How did the empire arise and decline?

The extensive literature on the British Empire is one place to start answering this question, including the five volume Oxford History of the British Empire, the Cambridge Illustrated History of the British Empire and many other well reviewed studies. A timeline of the empire is published by a British teacher at , a site which includes extensive relevant material. In fact it contains a reading list for the topic.
To answer this question, the following issues, which have an economic bias, provide background material:

1. There was no overall plan to create and expand the empire at the outset. Actions evolved with time. This does not mean that it was acquired “in a fit of absence of mind” (Sir John Seeley, 1883), but the first 300 years from 1500 saw the empire grow as a result of a variety of economic and political forces. From 1850 onwards, when significant growth took place, more direction was given from the head office in London.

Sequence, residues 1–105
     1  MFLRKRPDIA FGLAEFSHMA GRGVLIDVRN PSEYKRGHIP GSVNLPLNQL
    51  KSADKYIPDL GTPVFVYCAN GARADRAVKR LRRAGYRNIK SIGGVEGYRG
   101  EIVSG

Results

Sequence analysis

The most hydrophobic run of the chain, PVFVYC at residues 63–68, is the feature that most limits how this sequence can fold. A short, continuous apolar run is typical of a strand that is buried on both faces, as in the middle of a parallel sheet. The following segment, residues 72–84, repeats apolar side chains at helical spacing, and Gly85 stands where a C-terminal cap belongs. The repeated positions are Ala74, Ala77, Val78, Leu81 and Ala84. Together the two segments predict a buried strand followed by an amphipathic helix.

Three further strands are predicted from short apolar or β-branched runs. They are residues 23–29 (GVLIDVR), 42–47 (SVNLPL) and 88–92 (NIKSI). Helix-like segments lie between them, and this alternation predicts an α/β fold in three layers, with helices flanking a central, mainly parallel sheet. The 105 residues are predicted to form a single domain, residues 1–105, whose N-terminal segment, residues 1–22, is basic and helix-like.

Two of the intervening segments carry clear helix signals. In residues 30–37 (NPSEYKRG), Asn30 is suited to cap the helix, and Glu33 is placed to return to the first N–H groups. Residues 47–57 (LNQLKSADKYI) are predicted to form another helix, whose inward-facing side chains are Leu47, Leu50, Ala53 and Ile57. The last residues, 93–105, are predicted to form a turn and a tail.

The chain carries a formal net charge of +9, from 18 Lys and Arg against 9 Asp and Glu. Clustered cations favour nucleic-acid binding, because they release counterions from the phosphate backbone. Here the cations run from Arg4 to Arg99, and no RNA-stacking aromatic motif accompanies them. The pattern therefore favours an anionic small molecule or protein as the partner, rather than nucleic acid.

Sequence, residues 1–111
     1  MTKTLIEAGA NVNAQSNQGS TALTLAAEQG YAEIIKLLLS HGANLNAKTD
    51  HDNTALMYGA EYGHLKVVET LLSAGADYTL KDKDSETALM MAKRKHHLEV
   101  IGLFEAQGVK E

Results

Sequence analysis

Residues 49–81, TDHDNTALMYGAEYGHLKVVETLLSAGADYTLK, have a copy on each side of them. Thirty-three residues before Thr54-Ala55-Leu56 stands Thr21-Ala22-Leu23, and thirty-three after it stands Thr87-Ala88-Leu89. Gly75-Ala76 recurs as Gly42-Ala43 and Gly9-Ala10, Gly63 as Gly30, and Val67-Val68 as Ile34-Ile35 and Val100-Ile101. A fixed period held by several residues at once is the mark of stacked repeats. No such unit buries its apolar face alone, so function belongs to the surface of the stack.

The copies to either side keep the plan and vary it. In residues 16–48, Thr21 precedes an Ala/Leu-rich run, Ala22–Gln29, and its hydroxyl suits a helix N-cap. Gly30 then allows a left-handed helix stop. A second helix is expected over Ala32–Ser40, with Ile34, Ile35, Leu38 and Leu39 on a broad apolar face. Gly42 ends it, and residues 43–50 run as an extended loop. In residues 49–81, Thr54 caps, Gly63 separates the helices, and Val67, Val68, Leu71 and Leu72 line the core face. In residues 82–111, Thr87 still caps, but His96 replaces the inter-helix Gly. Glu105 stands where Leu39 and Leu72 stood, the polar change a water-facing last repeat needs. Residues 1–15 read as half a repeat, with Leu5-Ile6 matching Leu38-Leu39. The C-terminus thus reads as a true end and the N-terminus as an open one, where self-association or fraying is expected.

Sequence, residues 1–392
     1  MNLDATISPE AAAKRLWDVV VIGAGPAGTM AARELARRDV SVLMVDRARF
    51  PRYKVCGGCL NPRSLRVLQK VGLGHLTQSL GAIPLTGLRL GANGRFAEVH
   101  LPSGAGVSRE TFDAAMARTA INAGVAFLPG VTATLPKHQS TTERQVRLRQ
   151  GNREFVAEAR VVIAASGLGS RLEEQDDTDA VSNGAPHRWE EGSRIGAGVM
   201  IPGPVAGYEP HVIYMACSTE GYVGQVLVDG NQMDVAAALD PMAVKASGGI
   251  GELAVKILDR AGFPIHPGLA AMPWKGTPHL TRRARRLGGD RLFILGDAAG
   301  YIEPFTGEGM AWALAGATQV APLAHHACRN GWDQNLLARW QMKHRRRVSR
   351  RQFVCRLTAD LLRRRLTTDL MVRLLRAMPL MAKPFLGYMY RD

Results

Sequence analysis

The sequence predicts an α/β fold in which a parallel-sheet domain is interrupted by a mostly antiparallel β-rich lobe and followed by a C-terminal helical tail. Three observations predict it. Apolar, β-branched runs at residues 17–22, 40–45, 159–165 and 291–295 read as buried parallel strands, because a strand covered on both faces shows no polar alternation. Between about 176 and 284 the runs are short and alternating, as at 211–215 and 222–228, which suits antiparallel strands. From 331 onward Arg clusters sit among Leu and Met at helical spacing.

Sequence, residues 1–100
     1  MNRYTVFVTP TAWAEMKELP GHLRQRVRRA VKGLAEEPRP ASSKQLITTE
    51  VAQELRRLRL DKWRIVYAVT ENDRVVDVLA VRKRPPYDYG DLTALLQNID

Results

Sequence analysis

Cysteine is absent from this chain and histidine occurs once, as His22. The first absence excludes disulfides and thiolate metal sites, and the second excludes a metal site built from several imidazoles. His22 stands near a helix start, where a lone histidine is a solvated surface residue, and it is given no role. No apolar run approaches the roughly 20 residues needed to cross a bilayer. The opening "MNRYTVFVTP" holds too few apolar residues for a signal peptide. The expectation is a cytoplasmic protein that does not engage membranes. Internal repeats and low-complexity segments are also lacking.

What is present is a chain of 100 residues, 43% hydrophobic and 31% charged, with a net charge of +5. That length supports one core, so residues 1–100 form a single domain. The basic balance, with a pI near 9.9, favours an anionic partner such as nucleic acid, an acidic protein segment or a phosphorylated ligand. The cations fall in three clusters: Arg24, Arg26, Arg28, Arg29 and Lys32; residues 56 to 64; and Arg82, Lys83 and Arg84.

2. Following Porter’s four types of colonies, the Indian subcontinent became of interest because of commercial interests which were at first given to the East India Company, chartered in 1600. The company undertook trade, organized its own military and shipping, and administered the area in cooperation with local rulers, many of which were part of the Mughal Empire. More direct rule from London occurred after the Indian Mutiny in 1858.

3. The plantation colonies were of direct economic interest to London because of the products produced there and shipped to the UK. In the case of the 13 American colonies, and what was to become Canada, these became colonies of settlement providing opportunities for further trade. Some production involved slave labour, but others items were produced by settlers who in turn needed goods manufactured in as well as capital inflows from the UK.

4. The fourth type of colony, the trading posts and naval stations, were occupied and administered as a means to service the operations in the other three types of colony. Some remain today such as Bermuda, Gibraltar, Tristan da Cunha and the Falkland Islands, although their functions have changed.